Ohio on Thursday became the first state to challenge the U.S. Census Bureau's decision to push back the release of 2020 census figures so more time can be spent on fixing any inaccuracies in the data. The lawsuit filed by Ohio asks a federal judge in Dayton to restore a March 31 deadline for the Census Bureau to turn over 2020 census figures used for redrawing congressional and legislative districts, instead of a Sept. 30 deadline announced by the statistical agency earlier this month. The lawsuit claims the delay will undermine Ohio's process of redrawing districts. Census Bureau officials blamed the need for extra time on operational delays during the 2020 census caused by the pandemic. The dates for releasing the 2020 census data have bounced all over the calendar because of court fights and changes made to adjust to hurdles posed by the pandemic and efforts to comply with federally mandated deadlines. The 2020 census data include state population counts used for determining the distribution of congressional seats and Electoral College votes among the states, as well as redistricting data used for redrawing congressional and legislative districts. A bipartisan group of U.S. senators recently announced plans to introduce legislation that would push back the deadline for the state population counts from the end of last year to the end of April and the due date for the redistricting data from the statutorily required March 31 date to Sept. 30. The redistricting data includes counts of population by race, Hispanic origin, voting age and housing occupancy status at geographic levels as small as neighbourhoods, and they are used for drawing voting districts for Congress and state legislatures. Unlike past decades when the data were released to states on a flow basis, the 2020 redistricting data will be made available to the states all at once, according to the Census Bureau. The delay in releasing the redistricting data has sent states scrambling to come up with alternative plans because many will not get the data until after their legal deadlines for drawing new districts, requiring them to either rewrite laws or ask courts to allow them a free pass because of the delay. Candidates may not know yet whether they will live in the district they want to run in by the filing deadline. In some cases, if fights over new maps drag into the new year, primaries may have to be delayed. Ohio law requires a newly formed commission to finalize state legislative districts by Sept. 1 and to hold three public meetings before doing so. Ohio's General Assembly is required adopt a map for congressional districts by Sept. 30. Ohio won't be able to use the 2020 census data to redraw districts if the figures aren't released until the end of September. That will force the state to use alternative figures, setting off a fight over which data to use and “fanning partisan flames when one data source is eventually chosen, no matter how precise and reliable," the lawsuit said. “The many people who voted for redistricting reform deserve better than to have their efforts thwarted by a federal government that refuses to do its job," the lawsuit said. “No doubt, the pandemic has greatly complicated the Census Bureau’s task. But the pandemic has complicated the jobs of firefighters, police officers, and judges too. All those public servants found ways to continue fulfilling their obligations to the public, recognizing that government officials may not shelter in place while their duties go unfulfilled." The Census Bureau said in a statement that it doesn't comment on pending litigation. Meanwhile, a coalition of municipalities and civil rights groups that had sued the Census Bureau over concerns about data quality and deadlines said in a court filing Wednesday that they were working toward a potential agreement to their lawsuit with the statistical agency. A hearing on the lawsuit in federal court in San Jose, California, had been scheduled for Friday, but both sides in a court filing asked for a delay until next month to continue “good-faith discussions concerning the potential resolution of this case." ___ This story has been corrected to reflect that the commission must finalize state legislative districts by Sept. 1, not Sept. 30. ___ Follow Mike Schneider on Twitter at https://twitter.com/MikeSchneiderAP Mike Schneider, The Associated Press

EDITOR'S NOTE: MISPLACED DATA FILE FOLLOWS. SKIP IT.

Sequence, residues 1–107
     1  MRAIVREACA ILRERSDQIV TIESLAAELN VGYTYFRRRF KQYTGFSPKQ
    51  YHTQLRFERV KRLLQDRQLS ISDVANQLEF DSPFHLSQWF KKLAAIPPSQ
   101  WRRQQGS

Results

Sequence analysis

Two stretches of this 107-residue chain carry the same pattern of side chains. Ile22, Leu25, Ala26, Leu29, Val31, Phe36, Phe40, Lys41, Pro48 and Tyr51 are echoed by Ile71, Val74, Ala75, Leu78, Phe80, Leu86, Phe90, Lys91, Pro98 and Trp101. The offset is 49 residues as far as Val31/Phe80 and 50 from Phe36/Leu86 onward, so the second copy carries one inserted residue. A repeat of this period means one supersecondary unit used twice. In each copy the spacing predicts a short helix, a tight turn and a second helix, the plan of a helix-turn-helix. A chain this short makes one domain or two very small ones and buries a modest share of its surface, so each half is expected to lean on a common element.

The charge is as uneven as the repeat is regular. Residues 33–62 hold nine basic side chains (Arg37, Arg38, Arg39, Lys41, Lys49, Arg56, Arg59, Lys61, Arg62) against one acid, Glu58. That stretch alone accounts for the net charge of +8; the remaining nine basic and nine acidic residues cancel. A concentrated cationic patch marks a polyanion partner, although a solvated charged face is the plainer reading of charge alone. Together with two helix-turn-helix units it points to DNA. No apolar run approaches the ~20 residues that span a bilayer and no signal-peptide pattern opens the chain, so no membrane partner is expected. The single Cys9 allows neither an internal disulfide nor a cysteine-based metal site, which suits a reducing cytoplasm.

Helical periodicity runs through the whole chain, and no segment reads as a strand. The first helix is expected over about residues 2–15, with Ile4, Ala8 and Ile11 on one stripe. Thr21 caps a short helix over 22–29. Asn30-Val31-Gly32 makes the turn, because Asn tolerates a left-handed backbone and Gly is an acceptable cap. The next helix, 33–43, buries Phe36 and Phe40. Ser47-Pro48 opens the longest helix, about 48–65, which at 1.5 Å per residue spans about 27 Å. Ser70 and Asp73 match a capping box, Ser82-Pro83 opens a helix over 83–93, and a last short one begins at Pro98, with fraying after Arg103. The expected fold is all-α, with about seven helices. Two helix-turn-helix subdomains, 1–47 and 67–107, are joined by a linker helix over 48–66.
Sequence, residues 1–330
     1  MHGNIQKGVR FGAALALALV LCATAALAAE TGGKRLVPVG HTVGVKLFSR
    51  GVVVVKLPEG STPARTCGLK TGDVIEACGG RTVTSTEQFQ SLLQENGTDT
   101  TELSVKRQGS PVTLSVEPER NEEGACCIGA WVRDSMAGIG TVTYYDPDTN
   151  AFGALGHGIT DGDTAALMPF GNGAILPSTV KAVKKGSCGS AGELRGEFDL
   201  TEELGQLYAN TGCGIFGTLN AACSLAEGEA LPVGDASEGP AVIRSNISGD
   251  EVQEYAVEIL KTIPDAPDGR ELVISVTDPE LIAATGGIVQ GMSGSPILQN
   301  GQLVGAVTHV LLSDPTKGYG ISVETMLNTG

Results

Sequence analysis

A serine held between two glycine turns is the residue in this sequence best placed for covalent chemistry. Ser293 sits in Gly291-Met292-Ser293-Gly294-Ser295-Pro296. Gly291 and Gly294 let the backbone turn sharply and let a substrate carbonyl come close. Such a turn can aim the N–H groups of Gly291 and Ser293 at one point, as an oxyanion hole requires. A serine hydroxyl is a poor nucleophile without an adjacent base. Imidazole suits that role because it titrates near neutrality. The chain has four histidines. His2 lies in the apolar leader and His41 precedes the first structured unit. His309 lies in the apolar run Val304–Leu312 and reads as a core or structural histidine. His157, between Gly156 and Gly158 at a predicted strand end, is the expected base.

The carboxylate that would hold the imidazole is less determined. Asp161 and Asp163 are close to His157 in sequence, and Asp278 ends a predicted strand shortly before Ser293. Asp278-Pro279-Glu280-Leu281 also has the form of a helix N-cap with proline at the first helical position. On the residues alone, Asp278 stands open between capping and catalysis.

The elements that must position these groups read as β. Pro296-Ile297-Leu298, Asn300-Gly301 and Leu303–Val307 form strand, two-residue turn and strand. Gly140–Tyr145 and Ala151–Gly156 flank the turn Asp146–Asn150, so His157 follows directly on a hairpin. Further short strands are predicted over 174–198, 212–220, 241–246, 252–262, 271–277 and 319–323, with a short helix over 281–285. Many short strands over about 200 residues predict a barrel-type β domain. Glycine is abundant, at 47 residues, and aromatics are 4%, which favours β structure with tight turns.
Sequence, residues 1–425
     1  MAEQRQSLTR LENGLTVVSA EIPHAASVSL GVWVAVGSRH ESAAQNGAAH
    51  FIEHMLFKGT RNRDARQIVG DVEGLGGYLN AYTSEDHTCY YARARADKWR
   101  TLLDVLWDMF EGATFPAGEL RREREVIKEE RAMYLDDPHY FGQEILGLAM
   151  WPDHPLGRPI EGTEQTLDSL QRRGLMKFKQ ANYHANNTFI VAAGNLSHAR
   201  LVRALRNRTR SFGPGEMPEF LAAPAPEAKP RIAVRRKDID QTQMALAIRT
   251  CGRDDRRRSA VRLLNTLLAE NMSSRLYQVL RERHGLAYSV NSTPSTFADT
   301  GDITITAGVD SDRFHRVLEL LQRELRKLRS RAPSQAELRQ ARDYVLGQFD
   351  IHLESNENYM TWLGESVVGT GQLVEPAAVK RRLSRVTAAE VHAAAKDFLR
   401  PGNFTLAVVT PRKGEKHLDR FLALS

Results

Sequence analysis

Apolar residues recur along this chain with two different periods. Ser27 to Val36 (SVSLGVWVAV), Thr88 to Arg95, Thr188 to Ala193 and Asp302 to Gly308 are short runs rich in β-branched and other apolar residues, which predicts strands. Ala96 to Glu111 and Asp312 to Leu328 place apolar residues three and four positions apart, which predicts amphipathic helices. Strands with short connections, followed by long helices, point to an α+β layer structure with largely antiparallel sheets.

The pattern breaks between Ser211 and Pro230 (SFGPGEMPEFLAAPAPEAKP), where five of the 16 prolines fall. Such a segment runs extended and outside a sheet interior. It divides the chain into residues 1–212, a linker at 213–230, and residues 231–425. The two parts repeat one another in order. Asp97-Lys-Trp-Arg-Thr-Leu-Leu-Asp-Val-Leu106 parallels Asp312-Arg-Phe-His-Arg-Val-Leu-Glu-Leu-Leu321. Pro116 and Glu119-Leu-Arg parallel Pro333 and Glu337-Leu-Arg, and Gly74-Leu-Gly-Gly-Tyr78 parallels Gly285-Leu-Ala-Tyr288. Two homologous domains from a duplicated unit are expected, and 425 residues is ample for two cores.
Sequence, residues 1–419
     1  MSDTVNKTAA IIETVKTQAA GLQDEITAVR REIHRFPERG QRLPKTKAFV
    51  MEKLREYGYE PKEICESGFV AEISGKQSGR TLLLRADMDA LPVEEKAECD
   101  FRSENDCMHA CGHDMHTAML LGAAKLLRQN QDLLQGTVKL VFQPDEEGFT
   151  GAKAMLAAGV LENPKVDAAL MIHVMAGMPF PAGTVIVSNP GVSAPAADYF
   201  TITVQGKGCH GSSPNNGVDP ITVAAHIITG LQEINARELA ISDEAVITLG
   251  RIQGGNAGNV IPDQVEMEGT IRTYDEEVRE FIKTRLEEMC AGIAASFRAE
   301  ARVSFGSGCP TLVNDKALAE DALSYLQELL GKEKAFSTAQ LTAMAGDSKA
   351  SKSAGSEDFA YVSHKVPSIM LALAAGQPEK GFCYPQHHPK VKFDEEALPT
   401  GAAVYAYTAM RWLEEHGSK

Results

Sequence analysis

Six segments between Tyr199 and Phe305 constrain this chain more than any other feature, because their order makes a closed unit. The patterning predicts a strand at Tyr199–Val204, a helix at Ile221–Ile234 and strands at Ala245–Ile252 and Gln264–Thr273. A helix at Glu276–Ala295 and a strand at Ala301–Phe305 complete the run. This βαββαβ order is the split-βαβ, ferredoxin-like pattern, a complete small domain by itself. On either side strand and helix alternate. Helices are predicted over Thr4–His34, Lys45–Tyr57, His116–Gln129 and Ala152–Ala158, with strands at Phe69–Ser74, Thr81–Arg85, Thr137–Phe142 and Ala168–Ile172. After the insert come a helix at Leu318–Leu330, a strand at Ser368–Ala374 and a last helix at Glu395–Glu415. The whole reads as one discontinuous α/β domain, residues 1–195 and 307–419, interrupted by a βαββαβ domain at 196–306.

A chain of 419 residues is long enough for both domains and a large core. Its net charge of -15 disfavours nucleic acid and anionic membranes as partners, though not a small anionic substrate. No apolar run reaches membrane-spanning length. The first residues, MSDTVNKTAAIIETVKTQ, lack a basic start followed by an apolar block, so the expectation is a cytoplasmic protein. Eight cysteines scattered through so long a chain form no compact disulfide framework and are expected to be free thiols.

A year into the COVID-19 pandemic and long-haul truckers are still among the very few people allowed to cross North American borders. While many industries have faced stops and starts with lockdowns, transport has kept on trucking – with some changes. Preeti Gill has been a long-haul trucker for three years. Free Press reporter Max Martin spoke with her during a quick stop at the Woodstock ONroute as she returned from Texas. Perhaps the biggest challenge truckers face is finding a place to stop and rest. "Because of the pandemic, so many rest areas are also closed," Gill said. "That is the major problem we are facing nowadays." Sites that are open often have reduced hours, she said, "because of no business and nobody travelling." At overnight truck stops, Gill said some have closed showers or are no longer giving out towels. Gill spends five or six days a week on the road in the U.S., leaving off from a truckyard in Brampton. The 37-year-old admits trucking is already a solitary profession, but she said that's made it easier to adjust to pandemic-induced isolation. "Truck drivers, before the pandemic were isolated also, so I found there are no more changes," she said. While her hauls have gone off as normal – with fewer people involved in the process – Gill said the most noticeable change in her daily routine is, like in many industries, enhanced cleaning. "The biggest thing now, I have too many bottles of Lysol," she said. "Now I have to do door cleaning, it's more work to do." On her day off, she spends her time at home in St. Catharines with her father and sister. Gill just completed a route through Texas. Next, she's set to take a route to Orlando, Fla. – both states among those reporting the highest number of COVID-19 cases across the United States. But from what Gill has seen, she said there's a noticeable difference between Canadian and American attitudes toward COVID-19 safety protocols. "In the States, a little bit different ... people are stubborn there," she said. "They just say they don't want to wear the mask ... they don't follow the rules." Nowadays, it's taking Gill longer to cross the border. Although she said border officers have reduced the frequency of random checks to avoid unnecessary interactions, there's additional paperwork and checks and balances to be done. Working commercial drivers are required to submit contact information, travel details and a personal health assessment, the Canadian Border Services Agency said. Gill must also check-in when she arrives back in Canada through a mobile app. "Whenever we enter, that's extra work we have to do," she said. "It's just more time-consuming." In 2016, Canadian Census data showed there were only 5,880 female tractor-trailer drivers in the country, compared to 175,450 men. "In the U.S., one guy told me, 'Oh, you are a woman, why are you driving?'" Gill recalled. "I said, 'Why, who told you only the men can drive the truck?'" She said some companies initially hesitated to hire her as a trucker, fearing she'd struggle to load the truck – but Gill said she's just as capable. "I've found on the road, women are safer than the men," as drivers, she said. "We try to help fill the shelves," Gill said. "Due to trucking ... food supply and other essentials, like medication, sanitization is supplied." Despite loving her trucking job, she's also studying online to become a nurse, all while on the road. While she plans to go from one essential service to another, Gill said people underestimate the importance of trucking – especially during the pandemic. Max Martin, Local Journalism Initiative Reporter, London Free Press